Friday, January 18, 2019

British Ethical Theorists 0016:Some Notes 01

This will likely be one of several posts in this series that just jot down some random pieces of information that I encounter in my reading.

Sidgwick on Motivational Internalism

Sidgewick wrote that the judgment that X ought to be done gives an impulse or motive to action and that it must at least be possible that this impulse to action conflicts with the agent's other motives. Sidgwick seems to be arguing that the "ought" of morality is something that does battle against other inclinations - where, in some cases, the other inclinations win out and where moral ought wins out in others.

Specifically, Sidgwick wrote in Methods of Ethics, Part I, Chapter 3, Part 3 that:

Further, when I speak of the cognition or judgment that `X ought to be done'---in the stricter ethical sense of the term ought---as a `dictate' or `precept' of reason to the persons to whom it relates, I imply that in rational beings as such this cognition gives an impulse or motive to action: though in human beings, of course, this is only one motive among others which are liable to conflict with it, and is not always---perhaps not usually---a predominant motive. In fact, this possible conflict of motives seems to be connoted by the term `dictate' or `imperative', which describes the relation of Reason to mere inclinations or non-rational impulses by comparing it to the relation between the will of a superior and the wills of his subordinates. This conflict seems also to be implied in the terms `ought', `duty', `moral obligation', as used in ordinary moral discourse: and hence these terms cannot be applied to the actions of rational beings to whom we cannot attribute impulses conflicting with reason. We may, however, say of such beings that their actions are `reasonable', or (in an absolute sense) `right'.

Desirism, of course, would deny this. A judgment that something is a duty is a judgment that a person with good desires and lacking bad desires would do it. However, it is at least possible that the agent has other ends and none of the ends that a person with good desires and lacking bad desires would have. In fact, this should be said - to base morality on one's own ends is to conceive of the world in which the agent himself is a master and all others are mere servants. Granted, this way of thinking is consistent with each agent being a benevolent master - they may still care about others. Still, it only allows the interests of others to be morally relevant if the agent has a relevant motivational pro-attitude towards those interests. If not, the agent is not rendered evil. Instead, the interests the agent is not moved to consider are rendered - by that fact alone - irrelevant.

Moore on the Usefulness of Virtues

G.E. Moore, in seems, denied that virtues had intrinsic value. His main argument stated in Principia Ethica, Chapter V, convincingly enough:

Nevertheless I do not think we can regard it as part of the definition of virtue that it should be good in itself. For the name has so far an independent meaning, that if in any particular case a disposition commonly considered virtuous were proved not to be good in itself, we should not think that a sufficient reason for saying that it was not a virtue but was only thought to be so.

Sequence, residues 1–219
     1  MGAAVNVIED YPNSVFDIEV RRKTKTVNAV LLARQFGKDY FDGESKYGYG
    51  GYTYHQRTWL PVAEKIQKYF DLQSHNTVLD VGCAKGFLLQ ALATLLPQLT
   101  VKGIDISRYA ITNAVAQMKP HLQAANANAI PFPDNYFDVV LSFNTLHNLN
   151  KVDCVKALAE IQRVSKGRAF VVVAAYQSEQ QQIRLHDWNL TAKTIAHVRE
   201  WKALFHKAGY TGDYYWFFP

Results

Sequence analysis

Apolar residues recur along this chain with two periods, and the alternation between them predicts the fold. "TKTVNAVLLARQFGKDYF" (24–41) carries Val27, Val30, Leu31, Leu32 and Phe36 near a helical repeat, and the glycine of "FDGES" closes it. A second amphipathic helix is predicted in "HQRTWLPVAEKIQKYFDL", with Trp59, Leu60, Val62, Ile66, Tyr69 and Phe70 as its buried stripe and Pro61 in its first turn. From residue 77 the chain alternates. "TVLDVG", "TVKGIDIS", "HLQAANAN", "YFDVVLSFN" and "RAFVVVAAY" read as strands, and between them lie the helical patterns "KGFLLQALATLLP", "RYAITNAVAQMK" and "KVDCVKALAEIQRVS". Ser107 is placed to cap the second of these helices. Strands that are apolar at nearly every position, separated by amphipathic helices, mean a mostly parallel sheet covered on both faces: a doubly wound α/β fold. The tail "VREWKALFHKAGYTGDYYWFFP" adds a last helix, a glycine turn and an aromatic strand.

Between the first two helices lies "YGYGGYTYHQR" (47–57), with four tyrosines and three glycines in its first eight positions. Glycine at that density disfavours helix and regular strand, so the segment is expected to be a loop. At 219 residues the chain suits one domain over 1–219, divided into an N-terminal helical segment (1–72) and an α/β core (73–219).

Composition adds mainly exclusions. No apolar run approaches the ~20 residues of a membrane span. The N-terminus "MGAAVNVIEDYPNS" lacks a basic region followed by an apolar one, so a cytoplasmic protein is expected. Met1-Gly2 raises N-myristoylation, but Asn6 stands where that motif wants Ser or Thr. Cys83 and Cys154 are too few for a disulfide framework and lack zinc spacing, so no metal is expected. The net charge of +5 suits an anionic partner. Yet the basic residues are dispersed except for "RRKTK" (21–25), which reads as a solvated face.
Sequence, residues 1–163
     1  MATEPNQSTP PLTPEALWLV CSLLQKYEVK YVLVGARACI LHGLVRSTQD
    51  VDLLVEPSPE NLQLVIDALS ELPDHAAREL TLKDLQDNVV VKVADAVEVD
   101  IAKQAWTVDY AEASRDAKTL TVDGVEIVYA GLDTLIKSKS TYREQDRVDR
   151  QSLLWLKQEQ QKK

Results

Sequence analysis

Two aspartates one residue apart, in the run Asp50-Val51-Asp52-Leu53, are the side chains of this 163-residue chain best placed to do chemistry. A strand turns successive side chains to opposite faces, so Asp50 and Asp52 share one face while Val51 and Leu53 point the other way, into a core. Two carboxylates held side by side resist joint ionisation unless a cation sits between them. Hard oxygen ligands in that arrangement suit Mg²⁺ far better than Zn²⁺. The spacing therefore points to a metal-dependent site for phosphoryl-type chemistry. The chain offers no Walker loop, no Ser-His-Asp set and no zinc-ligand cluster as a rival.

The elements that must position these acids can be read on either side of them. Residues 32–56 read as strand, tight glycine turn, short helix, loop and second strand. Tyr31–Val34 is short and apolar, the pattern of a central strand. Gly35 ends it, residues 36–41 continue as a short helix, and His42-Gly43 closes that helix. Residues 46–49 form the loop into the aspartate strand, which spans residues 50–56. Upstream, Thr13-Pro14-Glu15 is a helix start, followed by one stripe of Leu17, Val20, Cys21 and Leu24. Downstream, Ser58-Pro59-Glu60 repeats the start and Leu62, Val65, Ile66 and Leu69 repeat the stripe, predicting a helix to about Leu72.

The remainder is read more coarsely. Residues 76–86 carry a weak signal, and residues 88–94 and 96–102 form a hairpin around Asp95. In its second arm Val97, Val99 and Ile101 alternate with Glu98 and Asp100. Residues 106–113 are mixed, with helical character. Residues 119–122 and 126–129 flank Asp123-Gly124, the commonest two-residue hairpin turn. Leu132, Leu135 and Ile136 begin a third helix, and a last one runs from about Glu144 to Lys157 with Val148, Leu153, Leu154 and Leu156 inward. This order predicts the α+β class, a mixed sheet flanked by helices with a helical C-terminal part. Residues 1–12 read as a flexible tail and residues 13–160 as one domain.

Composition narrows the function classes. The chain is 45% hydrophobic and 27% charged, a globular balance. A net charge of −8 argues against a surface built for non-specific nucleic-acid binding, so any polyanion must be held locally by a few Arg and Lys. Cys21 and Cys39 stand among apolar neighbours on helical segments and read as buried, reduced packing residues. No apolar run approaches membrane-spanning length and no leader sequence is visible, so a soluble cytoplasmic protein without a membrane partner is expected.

As written, this is one of the features of desirism. A desire is good insofar as it tends to fulfill other desires. No desire is good in itself. If it were discovered that a particular character trait were to do more to fulfill the desires of others than was originally thought, then tha is a reason to promote that desire as a virtue. If it tends to do harm, then we have reason to condemn it. If it were the case that selfishness produced vast amounts of wealth that made even the lives of the poorer individuals better off, then that would be a reason to call it a virtue. If, instead, it results in a few families hoarding the vast majority of wealth and the rest of us being merely their serfs and servants, then this gives most of us reason to condemn selfishness.

Broad, Sidgwick, and the Role of Reward and Punishment

C.D. Broad, in his book Five Types of Ethical Theory, he devotes Chapter 6 to the study of Sidgwick. In this, he presents Sidgwick's argument that the concept of right is findamental and basic - that it is unanalyzable. To make his case, he looks at various proposed analysis and dismisses them.

One of the possible forms of analysis is: "other men will feel approval towards me if I do X and will feel disapproval towards me if I omit to do X".

This is near enough to what desirism states that one should comment on the difference. A good desire, according to desirism, is one that people have reason to promote using praise (of those who exhibit it) and condemnation (of those who do not). However, good and bad desires are not identified by actual praise and condemnation, but on the praise and condemnation people have reasons to inflict. The objections that Broad applies (in Sidgwick's name) to the former theory do not apply to the latter. For example, Broad has Sidgwick objecting that it certainly seems possible for it to be the case that the people praise some form of conduct that is still not right, or condemn some conduct that is not wrong. So, what people actually praise and condemn cannot determine what is right or wrong. This is true. This is because there is sometimes a difference between what people have reason to praise and condemn on the one hand, and what they do praise and condemn on the other. So, Sidgwick is correct about this reduction of right, but he did not say anothing about the more reasonable alternative.

No comments: